Name PAHL, Ryan
Event Half Marathon
Division M3034
Gun time 01:44:24
Chip time 01:43:26
10KM split00:49:10
Event Placement 370 of 3057
Sex Placement 277 of 1280
Division Placement 51 of 218




I completed in the Duathlon today, another race is in the bag…and I feel pretty bagged! The weather was great today and we even had pure sunshine for the last half of the race. Couldn’t really ask for better weather considering how awful it was last year. There was not nearly as much pain and suffering this time around which I am grateful for. The mental game was way easier this time and I managed to enjoy almost the entire race.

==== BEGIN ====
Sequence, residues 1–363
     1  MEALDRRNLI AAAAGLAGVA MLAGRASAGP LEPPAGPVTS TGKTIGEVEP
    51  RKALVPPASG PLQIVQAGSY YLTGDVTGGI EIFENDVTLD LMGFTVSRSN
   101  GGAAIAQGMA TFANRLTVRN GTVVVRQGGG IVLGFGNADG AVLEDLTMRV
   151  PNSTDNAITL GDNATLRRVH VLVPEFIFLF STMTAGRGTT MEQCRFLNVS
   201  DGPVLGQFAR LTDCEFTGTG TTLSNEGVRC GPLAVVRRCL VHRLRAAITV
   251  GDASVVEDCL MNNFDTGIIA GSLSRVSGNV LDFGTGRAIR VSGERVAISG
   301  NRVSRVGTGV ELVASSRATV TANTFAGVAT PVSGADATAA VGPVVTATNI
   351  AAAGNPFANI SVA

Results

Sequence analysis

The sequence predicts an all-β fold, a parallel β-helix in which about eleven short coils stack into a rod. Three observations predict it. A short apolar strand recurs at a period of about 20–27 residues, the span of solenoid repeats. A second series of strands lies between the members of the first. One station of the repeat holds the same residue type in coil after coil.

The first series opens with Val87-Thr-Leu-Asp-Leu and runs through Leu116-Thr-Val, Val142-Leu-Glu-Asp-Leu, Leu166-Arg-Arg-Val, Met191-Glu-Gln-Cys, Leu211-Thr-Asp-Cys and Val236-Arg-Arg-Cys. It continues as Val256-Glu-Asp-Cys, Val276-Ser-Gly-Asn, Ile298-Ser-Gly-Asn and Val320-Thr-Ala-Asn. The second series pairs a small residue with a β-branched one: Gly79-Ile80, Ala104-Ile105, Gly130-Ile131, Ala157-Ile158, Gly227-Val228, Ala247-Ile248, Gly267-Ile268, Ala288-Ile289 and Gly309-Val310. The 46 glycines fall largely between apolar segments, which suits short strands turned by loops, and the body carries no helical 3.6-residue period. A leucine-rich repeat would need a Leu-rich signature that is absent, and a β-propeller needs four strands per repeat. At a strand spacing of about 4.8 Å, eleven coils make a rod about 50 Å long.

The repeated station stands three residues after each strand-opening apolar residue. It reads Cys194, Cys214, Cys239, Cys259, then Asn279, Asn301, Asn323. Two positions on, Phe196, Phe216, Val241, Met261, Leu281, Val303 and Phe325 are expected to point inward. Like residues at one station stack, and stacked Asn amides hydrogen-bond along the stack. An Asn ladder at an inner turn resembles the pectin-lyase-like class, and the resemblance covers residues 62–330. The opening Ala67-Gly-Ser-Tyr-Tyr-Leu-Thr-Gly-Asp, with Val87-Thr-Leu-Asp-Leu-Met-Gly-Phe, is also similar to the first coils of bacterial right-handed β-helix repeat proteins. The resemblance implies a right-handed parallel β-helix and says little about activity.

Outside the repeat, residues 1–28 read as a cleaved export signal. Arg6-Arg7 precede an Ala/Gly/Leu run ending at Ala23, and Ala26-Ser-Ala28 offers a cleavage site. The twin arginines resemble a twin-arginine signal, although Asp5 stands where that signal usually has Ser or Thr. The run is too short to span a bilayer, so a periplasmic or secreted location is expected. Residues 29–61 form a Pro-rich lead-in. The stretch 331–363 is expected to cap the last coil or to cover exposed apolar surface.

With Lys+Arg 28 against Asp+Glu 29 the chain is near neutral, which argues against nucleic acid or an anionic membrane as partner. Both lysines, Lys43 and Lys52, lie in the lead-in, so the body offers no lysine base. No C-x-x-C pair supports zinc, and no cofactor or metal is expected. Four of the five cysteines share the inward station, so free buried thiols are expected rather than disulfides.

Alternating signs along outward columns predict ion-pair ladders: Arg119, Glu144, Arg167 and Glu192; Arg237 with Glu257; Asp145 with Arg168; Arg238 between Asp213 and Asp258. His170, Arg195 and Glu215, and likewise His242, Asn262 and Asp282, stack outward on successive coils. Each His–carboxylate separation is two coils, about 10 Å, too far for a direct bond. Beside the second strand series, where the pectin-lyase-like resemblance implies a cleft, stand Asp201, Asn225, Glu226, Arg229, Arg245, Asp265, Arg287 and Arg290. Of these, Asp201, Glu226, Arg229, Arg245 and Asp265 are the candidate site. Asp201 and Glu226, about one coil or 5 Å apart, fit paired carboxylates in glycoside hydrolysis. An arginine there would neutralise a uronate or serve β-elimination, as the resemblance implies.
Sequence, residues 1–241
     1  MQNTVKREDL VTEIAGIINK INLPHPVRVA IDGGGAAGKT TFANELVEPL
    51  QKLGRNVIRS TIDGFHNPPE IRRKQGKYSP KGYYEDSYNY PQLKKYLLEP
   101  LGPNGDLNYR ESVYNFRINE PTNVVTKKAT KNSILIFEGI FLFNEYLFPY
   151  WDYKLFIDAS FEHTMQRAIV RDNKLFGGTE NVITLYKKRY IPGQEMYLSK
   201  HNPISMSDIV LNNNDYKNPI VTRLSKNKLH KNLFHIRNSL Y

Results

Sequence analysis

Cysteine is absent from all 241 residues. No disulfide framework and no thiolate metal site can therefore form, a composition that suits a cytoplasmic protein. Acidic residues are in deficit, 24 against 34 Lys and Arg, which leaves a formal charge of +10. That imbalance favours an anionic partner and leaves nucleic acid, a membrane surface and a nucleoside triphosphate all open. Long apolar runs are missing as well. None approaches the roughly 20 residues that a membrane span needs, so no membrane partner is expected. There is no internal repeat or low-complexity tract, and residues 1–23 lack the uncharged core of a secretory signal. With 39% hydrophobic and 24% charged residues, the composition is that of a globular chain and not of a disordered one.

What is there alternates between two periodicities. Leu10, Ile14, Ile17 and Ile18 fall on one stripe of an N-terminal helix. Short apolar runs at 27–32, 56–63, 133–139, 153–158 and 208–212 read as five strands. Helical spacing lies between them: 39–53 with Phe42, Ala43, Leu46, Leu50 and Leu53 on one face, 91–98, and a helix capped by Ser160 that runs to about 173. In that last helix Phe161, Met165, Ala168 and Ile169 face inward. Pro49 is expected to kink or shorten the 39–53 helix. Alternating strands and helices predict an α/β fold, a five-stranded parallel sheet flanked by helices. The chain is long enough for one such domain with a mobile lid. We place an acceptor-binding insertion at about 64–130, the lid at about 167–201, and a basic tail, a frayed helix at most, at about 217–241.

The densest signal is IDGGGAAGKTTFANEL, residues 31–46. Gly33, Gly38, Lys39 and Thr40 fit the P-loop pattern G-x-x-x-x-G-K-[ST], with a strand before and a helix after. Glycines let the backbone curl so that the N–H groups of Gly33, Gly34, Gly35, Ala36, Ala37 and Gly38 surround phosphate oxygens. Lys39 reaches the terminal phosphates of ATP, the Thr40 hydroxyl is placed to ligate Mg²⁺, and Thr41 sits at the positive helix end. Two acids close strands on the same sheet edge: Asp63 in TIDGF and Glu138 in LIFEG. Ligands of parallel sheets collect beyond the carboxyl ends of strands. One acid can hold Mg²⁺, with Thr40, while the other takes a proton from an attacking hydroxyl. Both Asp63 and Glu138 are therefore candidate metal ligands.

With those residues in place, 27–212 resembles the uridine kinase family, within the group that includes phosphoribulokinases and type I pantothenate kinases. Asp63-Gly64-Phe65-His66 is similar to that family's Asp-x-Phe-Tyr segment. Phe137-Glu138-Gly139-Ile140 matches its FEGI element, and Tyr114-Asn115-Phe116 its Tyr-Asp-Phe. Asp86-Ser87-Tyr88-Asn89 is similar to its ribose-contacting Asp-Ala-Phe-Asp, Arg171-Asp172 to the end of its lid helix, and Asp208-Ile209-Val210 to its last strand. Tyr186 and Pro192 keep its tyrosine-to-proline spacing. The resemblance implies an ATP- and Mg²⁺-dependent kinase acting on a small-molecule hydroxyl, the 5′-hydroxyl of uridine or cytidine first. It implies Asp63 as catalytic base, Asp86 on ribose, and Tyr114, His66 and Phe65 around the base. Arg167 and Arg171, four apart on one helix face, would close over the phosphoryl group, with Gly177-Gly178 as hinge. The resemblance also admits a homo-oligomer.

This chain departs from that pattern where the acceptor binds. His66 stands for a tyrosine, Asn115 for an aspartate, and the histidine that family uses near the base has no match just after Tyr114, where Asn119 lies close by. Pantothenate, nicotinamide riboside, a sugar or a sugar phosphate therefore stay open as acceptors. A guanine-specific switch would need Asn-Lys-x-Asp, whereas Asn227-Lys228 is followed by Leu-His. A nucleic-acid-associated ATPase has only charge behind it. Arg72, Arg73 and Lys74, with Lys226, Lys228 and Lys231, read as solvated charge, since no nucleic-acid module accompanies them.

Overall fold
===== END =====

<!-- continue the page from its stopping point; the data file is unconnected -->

My finish time was 2:30:59 based on my Garmin timing which is 4 whole minutes faster than last year. I was actually hoping for a 10 minute decrease, because my target was to beat 2h30m, but my legs didn’t have the juice near the end. I would have to say this is because my work life has really stunted my training in the last 6 weeks. I have not put in the miles I wanted to.

Sad to say that somehow my timing chip was not entered into the system, I mean I didn’t even get a DNF on the online rankings page. I simply do not exist, there is no record of me or my bib number.

Braking for T2 after a great bike ride.

Do I really care? No not really. Even though I did better this year, the competition was fierce and I dropped into 21st place overall out of 128 competitors. There were more people in my age group this year, 3 of which made the top 5. So I don’t really feel that bad because my race was better.

Lets compare the numbers from last year to this year:

  • Run #1 5.8km = 26:36  VS  25:36 = -1:00
  • Bike 37.7km =  1:17:18  VS  1:17:26 = +0:08
  • Run #2 9.7km = 51:06  VS  47:57 = -3:09